We come to see, as the crude, slap-stick episodes which constitute the 'taming' follow one another, that Petruchio's treatment of Katherine implies a process of education, that it aims, among other things and rather surprisingly, precisely at teaching her to feel ... When the relationships of society run in accordance with and not against the rules of 'nature,' subjection and strife are replaced by free agreement and harmony. Against the spirit of much of its story, The Taming of the Shrew thus emerges as a civilizing effort on Shakespeare's part, one not essentially out of line with the spirit of his later comedies, which tend always to enhance human relationships, to provide for them a foundation of tenderness and mutual respect.– Derek Traversi, 1960
Petruchio wins in the end not because of superior force but because he succeeds in showing Katherina both the unloveliness of the false personality she has adopted and the emotional truth of the self she has submerged.– Anne Barton, 1974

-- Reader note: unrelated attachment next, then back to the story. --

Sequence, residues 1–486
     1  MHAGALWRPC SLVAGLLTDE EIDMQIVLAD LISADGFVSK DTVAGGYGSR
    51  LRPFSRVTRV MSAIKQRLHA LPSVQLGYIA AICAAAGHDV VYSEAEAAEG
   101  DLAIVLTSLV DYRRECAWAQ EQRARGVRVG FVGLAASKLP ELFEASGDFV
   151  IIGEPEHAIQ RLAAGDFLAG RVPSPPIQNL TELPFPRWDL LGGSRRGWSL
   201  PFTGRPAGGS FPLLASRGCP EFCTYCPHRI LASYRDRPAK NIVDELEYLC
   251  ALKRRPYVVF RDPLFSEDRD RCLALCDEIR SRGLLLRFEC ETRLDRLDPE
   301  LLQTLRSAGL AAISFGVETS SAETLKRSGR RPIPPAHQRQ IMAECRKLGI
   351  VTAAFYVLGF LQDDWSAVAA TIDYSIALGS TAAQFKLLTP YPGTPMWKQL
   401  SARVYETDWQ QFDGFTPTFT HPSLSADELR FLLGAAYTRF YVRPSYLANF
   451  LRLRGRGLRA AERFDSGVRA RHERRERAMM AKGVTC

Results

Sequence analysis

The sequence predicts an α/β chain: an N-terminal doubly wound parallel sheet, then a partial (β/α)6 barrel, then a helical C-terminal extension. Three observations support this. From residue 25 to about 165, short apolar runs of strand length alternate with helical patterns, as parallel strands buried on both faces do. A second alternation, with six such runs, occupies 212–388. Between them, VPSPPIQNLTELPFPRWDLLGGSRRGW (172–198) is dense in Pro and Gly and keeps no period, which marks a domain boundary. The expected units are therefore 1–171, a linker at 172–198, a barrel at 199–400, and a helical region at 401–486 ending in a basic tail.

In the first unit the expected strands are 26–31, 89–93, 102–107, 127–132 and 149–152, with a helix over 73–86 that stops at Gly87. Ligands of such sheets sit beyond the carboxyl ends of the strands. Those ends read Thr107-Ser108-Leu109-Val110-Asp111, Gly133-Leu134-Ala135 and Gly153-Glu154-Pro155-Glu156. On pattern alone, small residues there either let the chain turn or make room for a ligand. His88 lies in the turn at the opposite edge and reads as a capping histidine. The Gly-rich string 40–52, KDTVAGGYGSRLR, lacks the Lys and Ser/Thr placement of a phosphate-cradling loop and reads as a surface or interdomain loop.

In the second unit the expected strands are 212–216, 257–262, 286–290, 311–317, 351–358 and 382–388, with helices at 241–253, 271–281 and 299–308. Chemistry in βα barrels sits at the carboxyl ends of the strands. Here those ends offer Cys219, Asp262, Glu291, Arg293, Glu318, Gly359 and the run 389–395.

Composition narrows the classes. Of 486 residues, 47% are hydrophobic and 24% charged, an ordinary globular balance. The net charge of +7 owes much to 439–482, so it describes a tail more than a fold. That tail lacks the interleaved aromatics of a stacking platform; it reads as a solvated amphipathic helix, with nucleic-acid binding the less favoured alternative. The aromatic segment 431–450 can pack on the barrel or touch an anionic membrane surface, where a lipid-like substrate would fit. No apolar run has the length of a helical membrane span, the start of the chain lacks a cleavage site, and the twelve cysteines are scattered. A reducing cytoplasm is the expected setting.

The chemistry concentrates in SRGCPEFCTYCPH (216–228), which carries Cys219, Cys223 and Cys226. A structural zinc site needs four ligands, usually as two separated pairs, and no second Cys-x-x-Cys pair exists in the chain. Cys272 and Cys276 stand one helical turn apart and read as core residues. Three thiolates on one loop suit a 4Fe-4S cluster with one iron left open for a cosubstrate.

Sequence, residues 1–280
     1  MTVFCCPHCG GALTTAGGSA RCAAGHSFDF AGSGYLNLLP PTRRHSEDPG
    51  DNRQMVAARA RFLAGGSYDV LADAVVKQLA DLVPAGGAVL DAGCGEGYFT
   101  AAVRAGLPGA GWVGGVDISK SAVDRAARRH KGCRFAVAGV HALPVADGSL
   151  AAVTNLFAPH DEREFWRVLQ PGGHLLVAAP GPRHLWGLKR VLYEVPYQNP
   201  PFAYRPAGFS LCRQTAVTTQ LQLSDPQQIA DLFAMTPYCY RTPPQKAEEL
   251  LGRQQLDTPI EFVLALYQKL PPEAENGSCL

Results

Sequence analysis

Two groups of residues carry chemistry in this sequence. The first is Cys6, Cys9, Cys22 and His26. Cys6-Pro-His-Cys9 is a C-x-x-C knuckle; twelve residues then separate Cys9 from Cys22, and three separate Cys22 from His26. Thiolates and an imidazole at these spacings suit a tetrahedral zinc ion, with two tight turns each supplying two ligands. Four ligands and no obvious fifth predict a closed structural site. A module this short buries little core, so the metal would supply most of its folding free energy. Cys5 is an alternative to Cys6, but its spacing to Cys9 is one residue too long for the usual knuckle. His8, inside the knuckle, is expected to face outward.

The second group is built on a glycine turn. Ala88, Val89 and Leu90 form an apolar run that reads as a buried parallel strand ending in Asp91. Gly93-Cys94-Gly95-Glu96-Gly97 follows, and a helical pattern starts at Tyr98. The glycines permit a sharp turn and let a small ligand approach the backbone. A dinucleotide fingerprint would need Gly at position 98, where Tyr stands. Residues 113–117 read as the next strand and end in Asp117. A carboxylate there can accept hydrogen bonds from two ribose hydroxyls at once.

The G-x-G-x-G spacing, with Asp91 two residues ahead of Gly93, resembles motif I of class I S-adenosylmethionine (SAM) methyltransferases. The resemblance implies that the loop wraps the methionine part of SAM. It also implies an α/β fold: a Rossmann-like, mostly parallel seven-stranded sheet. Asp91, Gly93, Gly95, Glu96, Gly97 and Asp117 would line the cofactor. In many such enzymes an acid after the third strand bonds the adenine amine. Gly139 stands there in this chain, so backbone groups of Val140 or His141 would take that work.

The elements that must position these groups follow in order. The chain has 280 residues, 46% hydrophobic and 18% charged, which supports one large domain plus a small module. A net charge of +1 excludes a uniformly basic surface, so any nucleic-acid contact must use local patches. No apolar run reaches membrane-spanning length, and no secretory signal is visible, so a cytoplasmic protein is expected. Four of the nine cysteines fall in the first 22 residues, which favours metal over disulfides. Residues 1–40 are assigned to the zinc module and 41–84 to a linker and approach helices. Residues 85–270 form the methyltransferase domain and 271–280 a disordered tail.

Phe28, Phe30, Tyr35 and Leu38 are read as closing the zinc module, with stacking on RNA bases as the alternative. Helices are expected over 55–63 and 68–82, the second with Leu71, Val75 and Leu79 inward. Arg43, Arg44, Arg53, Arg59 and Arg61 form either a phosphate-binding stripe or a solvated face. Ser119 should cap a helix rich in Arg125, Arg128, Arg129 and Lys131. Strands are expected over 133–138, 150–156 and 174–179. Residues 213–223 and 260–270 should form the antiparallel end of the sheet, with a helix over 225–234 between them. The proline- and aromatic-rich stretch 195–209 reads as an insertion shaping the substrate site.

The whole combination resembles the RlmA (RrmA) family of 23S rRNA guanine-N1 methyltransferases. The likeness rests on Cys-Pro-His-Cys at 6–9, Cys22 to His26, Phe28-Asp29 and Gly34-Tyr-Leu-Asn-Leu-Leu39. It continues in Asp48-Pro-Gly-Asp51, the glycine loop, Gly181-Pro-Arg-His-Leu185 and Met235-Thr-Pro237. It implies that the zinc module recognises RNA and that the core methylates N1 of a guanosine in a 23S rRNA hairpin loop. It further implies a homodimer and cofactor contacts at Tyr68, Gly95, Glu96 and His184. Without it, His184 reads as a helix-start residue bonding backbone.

Kate is not tamed by Petruchio's whip but by the discovery of her own imagination, for when she learns to recognize the sun for the moon and the moon for the dazzling sun she is discovering the liberating power of laughter and play. If shrewishness is a kind of rigidity, a behavioral pattern locked into closed, predictable responses, then the chaos of play is a liberating force, and Kate's initial bad temper is directly related to her failure to embrace it.
– John C. Bean, 1980
It seems to me that when people are as unhappy as Kate they are the voice of something that the whole community should be responsible for.
– Actress Fiona Shaw, who played Kate in a 1987 production of the Royal Shakespeare Company
Katherina is freed from habitual shrewishness by Petruchio's unrelenting travesty of such waywardness—a robust mode of farcical comedy which is tolerable because Petruchio is clearly acting a part, because he imposes the same privations on himself as on her, and because his underlying delight in her buried self becomes clear.
– John Creaser, 2002
Kate is much more complex, much more layered, much more reminiscent of the later women of Shakespeare than anyone else in the play. I also think it's important that she, too, has a plan.
– David H. Bell, 2002